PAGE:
When Rogue States Embrace Crypto

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by Tyler Durden
Monday, Apr 01, 2024 - 06:40 PM

Submitted by Omid Malekan

I want to talk about North Korea, but first we need to revisit El Salvador.

The Central American country’s decision to buy Bitcoin is looking good, despite almost universal skepticism from The Establishment when it was announced. Some of that skepticism ultimately proved accurate — legal tender status didn’t lead to mass adoption or cheaper remittances. But these motivations might have been red herrings all along.

President Bukele may have just wanted an excuse to acquire bitcoins for the government as part of their reserves. He was a bit overzealous and definitely too early in their purchases, but the decision paid off anyway. Not only has bitcoin appreciated in value, but El Salvador now has a part of its national savings in money that can’t be debased or confiscated.

This kind of diversification — not just of value, but also access — is something that every country wants.

Bitcoin is the first algorithmically minted, apolitical, and censorship-resistance currency in history. Its appeal grows as geopolitical tensions rise and economic crises become more frequent.

I wouldn’t be surprised if other countries are now also acquiring Bitcoin, though perhaps quietly. A smart buyer never tips their hand. The savviest nations might be mining it, and there are interesting rumors about certain Middle Eastern governments. Regardless of how any country acquires it, owning Bitcoin at the national level has proven worthwhile.

Which brings me to North Korea, a pariah nation whose acquisition strategy has relied on hacking and theft. I don’t buy all the exploits that are attributed to them, but the numbers are still substantial, especially for an otherwise poor country. North Korea’s holdings have never been officially acknowledged, but we still need to ask an important question: What happens when a “rogue” nation embraces crypto officially?

I think it’s only a matter of time until some do — at least Bitcoin — and the most likely candidates are sanctioned countries with energy reserves. Mining is the perfect solution for anyone with too much oil and not enough hard currency.

America is not going to like this. Bitcoin can be used as a workaround to dollar sanctions, and America increasingly weaponizes dollar access as a foreign policy tool. So she’ll try to expand those sanctions to crypto but this won’t be easy because Bitcoin is pseudonymous. Washington may then turn inward, pressuring domestic crypto companies to start censoring blacklisted wallets. Like most kinds of financial censorship (AML, KYC, etc) this won’t be very effective, except to make life harder for ordinary Americans using digital assets.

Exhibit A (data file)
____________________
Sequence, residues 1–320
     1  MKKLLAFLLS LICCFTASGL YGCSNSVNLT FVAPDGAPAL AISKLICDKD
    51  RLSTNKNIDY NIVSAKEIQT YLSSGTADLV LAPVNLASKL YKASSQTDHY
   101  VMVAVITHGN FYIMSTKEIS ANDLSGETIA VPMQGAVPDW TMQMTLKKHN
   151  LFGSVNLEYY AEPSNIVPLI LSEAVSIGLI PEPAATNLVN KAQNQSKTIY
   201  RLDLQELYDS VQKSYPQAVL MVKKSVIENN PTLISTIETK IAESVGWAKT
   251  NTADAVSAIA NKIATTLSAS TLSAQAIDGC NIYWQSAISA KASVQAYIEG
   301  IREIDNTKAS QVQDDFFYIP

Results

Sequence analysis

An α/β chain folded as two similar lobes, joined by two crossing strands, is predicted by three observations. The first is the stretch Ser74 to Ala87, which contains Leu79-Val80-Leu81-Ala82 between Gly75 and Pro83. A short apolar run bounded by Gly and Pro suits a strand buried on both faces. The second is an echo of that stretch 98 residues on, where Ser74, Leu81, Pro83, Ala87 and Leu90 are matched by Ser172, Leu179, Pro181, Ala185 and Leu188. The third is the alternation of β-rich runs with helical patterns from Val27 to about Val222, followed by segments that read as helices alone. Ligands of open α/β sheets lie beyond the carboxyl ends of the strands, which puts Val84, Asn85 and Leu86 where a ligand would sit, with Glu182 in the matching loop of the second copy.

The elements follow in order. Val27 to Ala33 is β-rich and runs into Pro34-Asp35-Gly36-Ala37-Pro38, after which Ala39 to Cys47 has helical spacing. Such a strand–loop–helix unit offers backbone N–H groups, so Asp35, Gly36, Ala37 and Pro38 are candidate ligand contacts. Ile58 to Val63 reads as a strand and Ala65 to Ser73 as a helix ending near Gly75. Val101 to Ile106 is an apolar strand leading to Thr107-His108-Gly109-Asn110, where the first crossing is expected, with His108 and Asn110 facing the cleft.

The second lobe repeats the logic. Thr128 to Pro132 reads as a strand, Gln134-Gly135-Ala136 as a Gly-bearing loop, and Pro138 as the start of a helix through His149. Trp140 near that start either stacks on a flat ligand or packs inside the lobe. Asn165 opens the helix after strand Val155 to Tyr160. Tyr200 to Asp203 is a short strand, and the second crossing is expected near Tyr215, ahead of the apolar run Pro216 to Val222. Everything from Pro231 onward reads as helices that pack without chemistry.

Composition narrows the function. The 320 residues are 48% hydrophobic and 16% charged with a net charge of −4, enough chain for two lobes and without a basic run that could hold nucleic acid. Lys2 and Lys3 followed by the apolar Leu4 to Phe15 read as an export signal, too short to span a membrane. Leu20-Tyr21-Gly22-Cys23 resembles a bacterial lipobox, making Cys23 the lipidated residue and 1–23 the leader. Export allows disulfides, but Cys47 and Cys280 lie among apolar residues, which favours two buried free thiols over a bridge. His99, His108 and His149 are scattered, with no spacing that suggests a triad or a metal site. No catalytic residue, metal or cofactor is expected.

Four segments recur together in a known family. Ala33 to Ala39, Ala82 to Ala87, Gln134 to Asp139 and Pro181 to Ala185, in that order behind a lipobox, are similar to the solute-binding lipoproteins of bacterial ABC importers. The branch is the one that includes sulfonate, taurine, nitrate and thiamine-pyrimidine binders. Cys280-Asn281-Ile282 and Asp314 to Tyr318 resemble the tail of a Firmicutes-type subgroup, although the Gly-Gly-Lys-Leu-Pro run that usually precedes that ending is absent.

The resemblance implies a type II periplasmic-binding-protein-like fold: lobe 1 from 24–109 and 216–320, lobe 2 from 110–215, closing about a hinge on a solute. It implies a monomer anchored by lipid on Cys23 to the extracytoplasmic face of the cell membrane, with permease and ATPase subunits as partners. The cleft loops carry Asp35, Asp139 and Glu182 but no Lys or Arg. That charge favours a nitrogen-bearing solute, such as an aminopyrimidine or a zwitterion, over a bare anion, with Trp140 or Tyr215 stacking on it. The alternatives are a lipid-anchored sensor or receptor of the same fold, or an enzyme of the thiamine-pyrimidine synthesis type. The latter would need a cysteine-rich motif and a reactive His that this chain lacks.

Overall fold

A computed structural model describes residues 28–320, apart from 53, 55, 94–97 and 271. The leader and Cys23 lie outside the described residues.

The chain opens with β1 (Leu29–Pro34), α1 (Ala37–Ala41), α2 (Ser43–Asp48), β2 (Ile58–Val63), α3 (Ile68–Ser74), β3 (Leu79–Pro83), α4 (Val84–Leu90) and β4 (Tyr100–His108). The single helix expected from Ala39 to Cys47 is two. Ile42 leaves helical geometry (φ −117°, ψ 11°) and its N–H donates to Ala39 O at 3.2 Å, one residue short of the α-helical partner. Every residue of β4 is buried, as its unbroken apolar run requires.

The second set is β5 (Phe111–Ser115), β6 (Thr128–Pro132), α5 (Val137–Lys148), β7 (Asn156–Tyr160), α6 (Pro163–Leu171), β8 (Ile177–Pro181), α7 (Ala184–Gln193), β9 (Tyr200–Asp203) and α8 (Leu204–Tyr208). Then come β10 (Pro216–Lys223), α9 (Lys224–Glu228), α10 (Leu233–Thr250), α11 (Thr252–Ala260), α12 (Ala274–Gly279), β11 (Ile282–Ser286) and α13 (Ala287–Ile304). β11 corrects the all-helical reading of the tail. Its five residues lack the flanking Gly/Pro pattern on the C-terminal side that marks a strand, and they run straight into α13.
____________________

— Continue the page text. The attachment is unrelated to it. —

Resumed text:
The utility of crypto abroad on the other hand won’t be impacted much. Unlike fiat money, where virtually every dollar transacted abroad must eventually clear back home, bitcoin transactions are settled globally. All it takes is for one miner anywhere to include a single transaction and it must be added to the chain — nodes that refuse will no longer be in consensus. Septuagenarian senators who take pride in their ignorance won’t understand this and go after American crypto companies who follow the rules of the protocol, but that won’t achieve anything.

America could force its own miners and exchanges to censor certain coins, but that would just give the upper hand to foreign competitors. Unlike fiat money, Bitcoin always finds a way. It’s a bit like quicksilver in that regard. One of the added benefits of government’s mining is that they can always mine their own transactions.

Perhaps even more importantly, America’s bumbling attempt to “control” crypto will make it even more obvious that nobody can, which is why governments want it in the first place. A domestic crackdown will be the ultimate advertising campaign for Bitcoin, leading to greater adoption.

Some of you might be wondering about the moral questions around “rogue adoption”, which do exist. But the problem is that the morality of economic sanctions — and all financial compliance for that matter — is ambiguous. The bad guys usually find a way, but the poor and powerless suffer.

Sanctions in particular have a dubious track record. There are not many examples of them leading to a desirable outcome, like regime change. Instead what usually happens is that tens of millions of people who are already victims of a brutal regime suffer even more. One could even argue sanctions strengthen such regimes by increasing the divide between the oppressed and the oppressor, and giving dictatorial thugs somebody else to blame for their failed state.

Kim Jung Un will not go hungry tonight, but many of his victims will. Is that moral? I’m not sure.